Fraudsters are ramping up efforts during this critical time where communications are in abundance and interactions are very limited to digital channels.
The most recent efforts are centered around the COVID-19 pandemic. Digital fraudsters have developed COVID-related scams to take advantage of consumers during this very sensitive time – often posing as trusted organizations, such as: your bank, Small Business Association, Medicare, CDC, American Red Cross, Department of Health and Human Services (HHS) or other government organization.
The number of these types of scams has more than doubled since January and showing no signs of slowing, as government aid has begun. Like any scam, the fraudster may attempt to reach consumers by phone, text, email, or a combination of these methods.
Tips for Avoiding Fraud
Scams can be very sophisticated or subtle enough to go unnoticed. Here are some tips that can help you avoid becoming a victim of fraud at any time:
- First United will NEVER contact you to ask for your password, security PINs, etc. And unless you initiate the contact, financial institutions do not typically request your personal information through email, U.S. mail, text or phone.
- It is a best practice to never give out personal information in response to an unsolicited call or email. Personal information can include, but is not limited to your Social Security number, mother’s maiden name, bank account, or credit card information.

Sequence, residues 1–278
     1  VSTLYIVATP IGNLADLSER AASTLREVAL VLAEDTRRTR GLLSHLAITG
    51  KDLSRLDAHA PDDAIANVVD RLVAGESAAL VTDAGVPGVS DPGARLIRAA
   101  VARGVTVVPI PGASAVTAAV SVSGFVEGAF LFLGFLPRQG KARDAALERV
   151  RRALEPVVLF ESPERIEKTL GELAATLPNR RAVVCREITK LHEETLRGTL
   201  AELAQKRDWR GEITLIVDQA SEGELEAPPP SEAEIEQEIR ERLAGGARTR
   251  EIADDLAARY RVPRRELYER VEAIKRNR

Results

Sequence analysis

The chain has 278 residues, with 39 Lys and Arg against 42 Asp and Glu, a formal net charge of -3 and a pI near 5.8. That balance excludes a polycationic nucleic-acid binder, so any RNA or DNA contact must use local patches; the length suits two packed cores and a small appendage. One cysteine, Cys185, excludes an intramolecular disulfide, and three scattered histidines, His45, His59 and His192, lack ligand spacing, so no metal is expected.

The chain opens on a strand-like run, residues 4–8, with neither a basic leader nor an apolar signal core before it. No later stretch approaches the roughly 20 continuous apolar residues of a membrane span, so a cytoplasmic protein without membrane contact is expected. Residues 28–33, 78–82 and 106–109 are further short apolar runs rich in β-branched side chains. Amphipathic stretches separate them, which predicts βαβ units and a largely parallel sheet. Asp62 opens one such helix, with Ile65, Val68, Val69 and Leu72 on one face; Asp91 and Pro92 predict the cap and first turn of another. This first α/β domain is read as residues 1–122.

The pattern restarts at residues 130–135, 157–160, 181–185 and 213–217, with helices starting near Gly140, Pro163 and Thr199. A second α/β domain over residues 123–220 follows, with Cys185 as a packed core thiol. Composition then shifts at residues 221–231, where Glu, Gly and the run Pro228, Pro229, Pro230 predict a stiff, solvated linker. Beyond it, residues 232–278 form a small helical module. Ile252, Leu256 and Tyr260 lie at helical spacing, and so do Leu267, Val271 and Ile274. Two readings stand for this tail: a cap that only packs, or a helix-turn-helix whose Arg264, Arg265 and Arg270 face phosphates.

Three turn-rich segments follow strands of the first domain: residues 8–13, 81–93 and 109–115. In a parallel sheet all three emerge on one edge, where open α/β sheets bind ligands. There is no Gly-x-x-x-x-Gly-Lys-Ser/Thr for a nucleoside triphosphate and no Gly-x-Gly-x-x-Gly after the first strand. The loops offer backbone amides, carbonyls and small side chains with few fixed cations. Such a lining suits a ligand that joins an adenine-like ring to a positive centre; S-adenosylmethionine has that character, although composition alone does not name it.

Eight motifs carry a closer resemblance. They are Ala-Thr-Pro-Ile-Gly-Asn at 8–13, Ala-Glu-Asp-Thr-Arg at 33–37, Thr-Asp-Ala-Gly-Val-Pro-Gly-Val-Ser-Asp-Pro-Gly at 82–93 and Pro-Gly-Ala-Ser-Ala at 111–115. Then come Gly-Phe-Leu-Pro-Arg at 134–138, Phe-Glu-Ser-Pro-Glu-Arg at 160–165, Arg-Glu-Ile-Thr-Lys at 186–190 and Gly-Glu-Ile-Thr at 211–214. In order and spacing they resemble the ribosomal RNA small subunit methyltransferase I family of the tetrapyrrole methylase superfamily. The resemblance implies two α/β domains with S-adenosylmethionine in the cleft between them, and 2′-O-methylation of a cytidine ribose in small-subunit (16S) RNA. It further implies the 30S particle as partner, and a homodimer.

- Keep close tabs on your accounts to be sure you’ve authorized every transaction.
- Know that unless you initiate the contact, financial institutions do not typically request your personal information through email, U.S. mail, text or phone.
- If you reach out to your financial institution, they may need to verify your identity but will not request your online banking passcode.
- Emails and texts on behalf of your financial institution should not ask you to click on any links to enter login credentials or personal information. If you receive this type of email or text, do not respond – contact your institution immediately.
- Always remember, to think twice before clicking on links, providing personal information or sending money to anyone in any way.
If you want to learn more about the current types of fraud or to file a complaint, check out these helpful resources:
- Listen to the latest episode of the First United “What Matters Most” Podcast on Fraud & Identity Theft Prevention
- Find more resources, links and details at MyBank.com/security
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